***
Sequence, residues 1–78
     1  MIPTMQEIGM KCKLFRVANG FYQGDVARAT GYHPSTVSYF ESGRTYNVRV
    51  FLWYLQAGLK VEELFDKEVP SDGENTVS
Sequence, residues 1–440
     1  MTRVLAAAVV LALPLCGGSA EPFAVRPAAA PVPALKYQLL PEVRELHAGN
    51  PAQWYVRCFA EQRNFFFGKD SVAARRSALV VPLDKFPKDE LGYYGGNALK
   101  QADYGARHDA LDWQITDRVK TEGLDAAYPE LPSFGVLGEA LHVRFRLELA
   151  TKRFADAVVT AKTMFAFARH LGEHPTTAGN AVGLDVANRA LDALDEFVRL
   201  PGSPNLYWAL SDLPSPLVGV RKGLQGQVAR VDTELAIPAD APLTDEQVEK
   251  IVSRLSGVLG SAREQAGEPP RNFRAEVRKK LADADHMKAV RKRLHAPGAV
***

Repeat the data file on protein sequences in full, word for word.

Sequence, residues 1–78
     1  MIPTMQEIGM KCKLFRVANG FYQGDVARAT GYHPSTVSYF ESGRTYNVRV
    51  FLWYLQAGLK VEELFDKEVP SDGENTVS
Sequence, residues 1–440
     1  MTRVLAAAVV LALPLCGGSA EPFAVRPAAA PVPALKYQLL PEVRELHAGN
    51  PAQWYVRCFA EQRNFFFGKD SVAARRSALV VPLDKFPKDE LGYYGGNALK
   101  QADYGARHDA LDWQITDRVK TEGLDAAYPE LPSFGVLGEA LHVRFRLELA
   151  TKRFADAVVT AKTMFAFARH LGEHPTTAGN AVGLDVANRA LDALDEFVRL
   201  PGSPNLYWAL SDLPSPLVGV RKGLQGQVAR VDTELAIPAD APLTDEQVEK
   251  IVSRLSGVLG SAREQAGEPP RNFRAEVRKK LADADHMKAV RKRLHAPGAV